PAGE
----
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Today's Stichomancy for Tiger Woods

The first excerpt represents the past or something you must release, and is drawn from Babbitt by Sinclair Lewis:

"Boys, I've got to admit it. I've never worn a wrist-watch, or parted my name in the middle, but I will confess to 'Follansbee.' My only justification is that my old dad--though otherwise he was perfectly sane, and packed an awful wallop when it came to trimming the City Fellers at checkers--named me after the family doc, old Dr. Ambrose Follansbee. I apologize, boys. In my next what-d'you-call-it I'll see to it that I get named something really practical--something that sounds swell and yet is good and virile--something, in fact, like that grand old name so familiar to every household--that bold and almost overpowering name, Willis Jimjams Ijams!"

He knew by the cheer that he was secure again and popular; he knew that he would no more endanger his security and popularity by straying from the Clan

The second excerpt represents the present or the deciding factor of the moment, and is drawn from To-morrow by Joseph Conrad:

close attendance. He had made himself helpless beyond his affliction, to enslave her better. She stood still for a moment, setting her teeth in the dusk, then turned and walked slowly indoors.

Captain Hagberd went back to his spade. The shouting in Carvil's cottage stopped, and after a while the window of the parlour downstairs was lit up. A man coming from the end of the street with a firm leisurely step passed on, but seemed to have caught sight of Captain Hagberd, because he turned back a pace or two. A cold white light lin-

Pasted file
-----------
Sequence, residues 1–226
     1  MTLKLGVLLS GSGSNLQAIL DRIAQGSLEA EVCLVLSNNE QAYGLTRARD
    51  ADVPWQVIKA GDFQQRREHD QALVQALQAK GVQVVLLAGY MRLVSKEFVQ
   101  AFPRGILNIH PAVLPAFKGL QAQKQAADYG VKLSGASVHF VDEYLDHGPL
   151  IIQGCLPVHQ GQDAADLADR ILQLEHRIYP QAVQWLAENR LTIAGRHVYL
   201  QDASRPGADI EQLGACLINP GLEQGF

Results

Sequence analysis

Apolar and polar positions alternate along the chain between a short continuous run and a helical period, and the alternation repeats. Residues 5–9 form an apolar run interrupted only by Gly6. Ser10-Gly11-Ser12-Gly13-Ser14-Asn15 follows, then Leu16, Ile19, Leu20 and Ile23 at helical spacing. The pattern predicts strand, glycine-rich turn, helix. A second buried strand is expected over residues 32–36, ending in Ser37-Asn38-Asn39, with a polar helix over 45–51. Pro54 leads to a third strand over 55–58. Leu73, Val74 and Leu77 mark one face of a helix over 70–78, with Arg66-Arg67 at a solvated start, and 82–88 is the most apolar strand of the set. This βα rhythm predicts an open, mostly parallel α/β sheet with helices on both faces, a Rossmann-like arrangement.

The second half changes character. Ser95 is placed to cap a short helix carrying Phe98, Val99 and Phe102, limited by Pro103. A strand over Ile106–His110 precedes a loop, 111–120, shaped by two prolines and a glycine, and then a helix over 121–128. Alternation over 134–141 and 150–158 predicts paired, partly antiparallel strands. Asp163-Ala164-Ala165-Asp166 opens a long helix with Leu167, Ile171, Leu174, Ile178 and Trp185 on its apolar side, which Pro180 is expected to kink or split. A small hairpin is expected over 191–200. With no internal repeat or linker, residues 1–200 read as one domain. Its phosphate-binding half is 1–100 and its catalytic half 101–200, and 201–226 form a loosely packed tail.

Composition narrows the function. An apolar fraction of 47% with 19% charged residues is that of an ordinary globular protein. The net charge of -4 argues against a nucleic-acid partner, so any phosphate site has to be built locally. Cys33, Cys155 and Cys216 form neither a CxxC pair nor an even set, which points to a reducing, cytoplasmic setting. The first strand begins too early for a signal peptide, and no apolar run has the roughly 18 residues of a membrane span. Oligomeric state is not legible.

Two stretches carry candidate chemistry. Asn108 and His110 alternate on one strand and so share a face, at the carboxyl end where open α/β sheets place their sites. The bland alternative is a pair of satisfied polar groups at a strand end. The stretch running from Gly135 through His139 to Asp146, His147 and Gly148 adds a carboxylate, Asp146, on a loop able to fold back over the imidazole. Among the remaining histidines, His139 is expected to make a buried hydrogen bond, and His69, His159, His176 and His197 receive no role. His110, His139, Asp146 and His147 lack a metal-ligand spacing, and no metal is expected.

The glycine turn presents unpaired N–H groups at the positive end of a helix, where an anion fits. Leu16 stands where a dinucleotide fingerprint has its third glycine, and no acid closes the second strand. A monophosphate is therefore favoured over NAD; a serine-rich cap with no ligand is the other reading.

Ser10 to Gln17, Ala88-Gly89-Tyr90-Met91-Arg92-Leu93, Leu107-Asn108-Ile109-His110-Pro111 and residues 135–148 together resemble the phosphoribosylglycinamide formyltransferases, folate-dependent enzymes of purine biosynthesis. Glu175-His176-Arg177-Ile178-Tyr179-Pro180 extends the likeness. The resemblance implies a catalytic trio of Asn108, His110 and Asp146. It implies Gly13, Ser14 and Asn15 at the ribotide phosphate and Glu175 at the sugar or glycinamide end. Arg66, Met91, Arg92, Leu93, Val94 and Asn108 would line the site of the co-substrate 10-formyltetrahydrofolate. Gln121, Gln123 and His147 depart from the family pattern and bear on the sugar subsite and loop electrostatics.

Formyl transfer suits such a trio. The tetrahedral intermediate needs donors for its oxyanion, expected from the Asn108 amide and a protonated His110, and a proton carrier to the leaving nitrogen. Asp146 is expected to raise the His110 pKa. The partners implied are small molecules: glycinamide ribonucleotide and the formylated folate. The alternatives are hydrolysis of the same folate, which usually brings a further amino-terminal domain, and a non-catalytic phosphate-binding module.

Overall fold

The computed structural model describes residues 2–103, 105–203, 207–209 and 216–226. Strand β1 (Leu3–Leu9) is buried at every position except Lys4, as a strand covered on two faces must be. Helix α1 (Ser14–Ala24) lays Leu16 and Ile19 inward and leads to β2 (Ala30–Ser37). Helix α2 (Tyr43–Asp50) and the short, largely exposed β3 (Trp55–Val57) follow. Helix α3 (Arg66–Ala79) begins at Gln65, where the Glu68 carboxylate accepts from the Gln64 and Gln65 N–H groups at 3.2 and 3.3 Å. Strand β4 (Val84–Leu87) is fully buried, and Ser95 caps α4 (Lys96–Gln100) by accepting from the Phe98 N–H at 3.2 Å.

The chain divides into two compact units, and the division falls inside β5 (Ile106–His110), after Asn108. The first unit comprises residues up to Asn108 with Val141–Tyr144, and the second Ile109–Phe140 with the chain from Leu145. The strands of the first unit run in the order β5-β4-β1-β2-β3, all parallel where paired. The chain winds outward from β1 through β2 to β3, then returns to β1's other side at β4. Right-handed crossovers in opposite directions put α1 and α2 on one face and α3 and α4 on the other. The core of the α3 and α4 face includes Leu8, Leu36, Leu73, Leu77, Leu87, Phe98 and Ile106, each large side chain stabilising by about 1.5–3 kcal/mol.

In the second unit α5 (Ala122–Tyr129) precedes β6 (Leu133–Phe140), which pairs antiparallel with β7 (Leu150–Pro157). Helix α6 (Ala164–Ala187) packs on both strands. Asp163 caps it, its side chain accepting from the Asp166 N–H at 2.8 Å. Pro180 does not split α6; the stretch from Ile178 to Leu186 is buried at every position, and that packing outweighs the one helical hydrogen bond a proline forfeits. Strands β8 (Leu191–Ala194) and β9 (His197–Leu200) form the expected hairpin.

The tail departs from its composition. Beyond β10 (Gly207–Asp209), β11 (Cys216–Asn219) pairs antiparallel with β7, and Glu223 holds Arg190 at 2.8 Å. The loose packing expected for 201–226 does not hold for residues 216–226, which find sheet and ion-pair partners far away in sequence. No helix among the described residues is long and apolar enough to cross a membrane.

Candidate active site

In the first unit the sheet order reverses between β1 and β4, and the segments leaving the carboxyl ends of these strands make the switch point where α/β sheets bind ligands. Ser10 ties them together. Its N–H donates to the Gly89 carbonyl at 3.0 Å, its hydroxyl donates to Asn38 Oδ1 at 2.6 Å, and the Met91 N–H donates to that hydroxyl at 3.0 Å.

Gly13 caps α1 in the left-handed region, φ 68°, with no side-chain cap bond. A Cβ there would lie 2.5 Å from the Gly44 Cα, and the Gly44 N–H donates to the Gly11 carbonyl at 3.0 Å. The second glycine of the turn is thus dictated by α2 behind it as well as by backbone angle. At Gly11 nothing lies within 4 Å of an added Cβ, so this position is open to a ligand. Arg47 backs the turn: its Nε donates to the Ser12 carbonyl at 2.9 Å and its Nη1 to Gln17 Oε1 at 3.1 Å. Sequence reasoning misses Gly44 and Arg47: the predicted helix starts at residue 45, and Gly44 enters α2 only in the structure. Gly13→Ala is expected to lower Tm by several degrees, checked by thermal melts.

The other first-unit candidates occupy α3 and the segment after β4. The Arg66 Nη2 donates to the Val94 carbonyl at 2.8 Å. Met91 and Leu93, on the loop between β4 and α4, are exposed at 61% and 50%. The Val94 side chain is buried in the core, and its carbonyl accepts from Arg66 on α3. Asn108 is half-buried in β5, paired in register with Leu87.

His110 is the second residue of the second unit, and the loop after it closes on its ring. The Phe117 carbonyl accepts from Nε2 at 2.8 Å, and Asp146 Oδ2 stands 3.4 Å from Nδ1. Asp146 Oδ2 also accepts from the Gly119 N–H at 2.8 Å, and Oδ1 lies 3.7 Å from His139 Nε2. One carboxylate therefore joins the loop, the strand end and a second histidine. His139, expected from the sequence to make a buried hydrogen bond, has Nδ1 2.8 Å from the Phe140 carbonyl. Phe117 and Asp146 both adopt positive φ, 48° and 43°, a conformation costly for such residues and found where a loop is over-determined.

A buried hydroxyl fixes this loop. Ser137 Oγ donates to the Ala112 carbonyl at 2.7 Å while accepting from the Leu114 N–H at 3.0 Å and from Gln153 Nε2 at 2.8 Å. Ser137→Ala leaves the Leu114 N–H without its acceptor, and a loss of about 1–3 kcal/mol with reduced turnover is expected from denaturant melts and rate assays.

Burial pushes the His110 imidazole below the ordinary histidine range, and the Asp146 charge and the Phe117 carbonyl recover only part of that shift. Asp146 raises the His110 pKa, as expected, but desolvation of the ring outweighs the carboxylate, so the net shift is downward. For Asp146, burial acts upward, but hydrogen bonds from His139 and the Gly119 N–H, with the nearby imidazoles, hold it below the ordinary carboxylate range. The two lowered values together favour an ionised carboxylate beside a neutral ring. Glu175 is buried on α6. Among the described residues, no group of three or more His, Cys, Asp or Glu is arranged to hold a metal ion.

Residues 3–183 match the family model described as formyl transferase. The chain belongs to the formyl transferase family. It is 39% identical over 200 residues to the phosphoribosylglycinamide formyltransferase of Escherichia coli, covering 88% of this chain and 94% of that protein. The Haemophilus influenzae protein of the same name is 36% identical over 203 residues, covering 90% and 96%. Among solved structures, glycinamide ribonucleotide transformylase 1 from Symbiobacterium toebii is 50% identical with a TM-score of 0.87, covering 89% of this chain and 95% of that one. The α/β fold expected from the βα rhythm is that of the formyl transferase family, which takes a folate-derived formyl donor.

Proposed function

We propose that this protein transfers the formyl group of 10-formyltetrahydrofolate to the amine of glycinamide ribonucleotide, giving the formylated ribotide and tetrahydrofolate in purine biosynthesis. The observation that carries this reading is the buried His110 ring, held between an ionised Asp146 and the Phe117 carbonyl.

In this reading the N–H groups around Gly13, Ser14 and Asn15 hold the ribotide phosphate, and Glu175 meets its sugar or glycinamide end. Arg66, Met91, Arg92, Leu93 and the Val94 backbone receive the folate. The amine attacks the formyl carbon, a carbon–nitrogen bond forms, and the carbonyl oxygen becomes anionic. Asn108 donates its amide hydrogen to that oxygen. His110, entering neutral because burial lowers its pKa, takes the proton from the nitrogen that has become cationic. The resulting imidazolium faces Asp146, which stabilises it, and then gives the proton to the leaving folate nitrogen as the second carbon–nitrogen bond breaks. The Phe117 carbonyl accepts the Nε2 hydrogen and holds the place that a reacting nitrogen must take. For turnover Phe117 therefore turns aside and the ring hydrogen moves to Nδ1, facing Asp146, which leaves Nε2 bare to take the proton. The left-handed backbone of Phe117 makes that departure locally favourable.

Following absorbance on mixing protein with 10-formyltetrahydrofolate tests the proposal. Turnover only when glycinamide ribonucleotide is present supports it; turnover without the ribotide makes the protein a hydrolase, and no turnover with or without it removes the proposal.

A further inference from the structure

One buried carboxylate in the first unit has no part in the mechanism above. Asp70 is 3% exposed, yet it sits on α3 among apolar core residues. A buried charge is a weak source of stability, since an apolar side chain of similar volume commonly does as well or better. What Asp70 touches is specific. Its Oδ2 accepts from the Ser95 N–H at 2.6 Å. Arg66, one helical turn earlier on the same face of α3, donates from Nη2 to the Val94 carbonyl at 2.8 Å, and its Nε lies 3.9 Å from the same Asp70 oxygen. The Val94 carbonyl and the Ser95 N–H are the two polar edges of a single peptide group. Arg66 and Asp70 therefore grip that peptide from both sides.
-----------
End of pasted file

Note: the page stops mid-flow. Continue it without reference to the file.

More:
The third excerpt represents the future or something you must embrace, and is drawn from Kidnapped by Robert Louis Stevenson:

be sure, I had heard Ransome; but he had taken his ways from all sorts of people, and spoke so imperfectly at the best, that I set down the most of it to childishness. My surprise was all the greater to hear that manner of speaking in the mouth of a grown man; and indeed I have never grown used to it; nor yet altogether with the English grammar, as perhaps a very critical eye might here and there spy out even in these memoirs.

The tediousness and pain of these hours upon the rock grew only the greater as the day went on; the rock getting still the hotter and the sun fiercer. There were giddiness, and sickness, and sharp pangs like rheumatism, to be supported. I minded then, and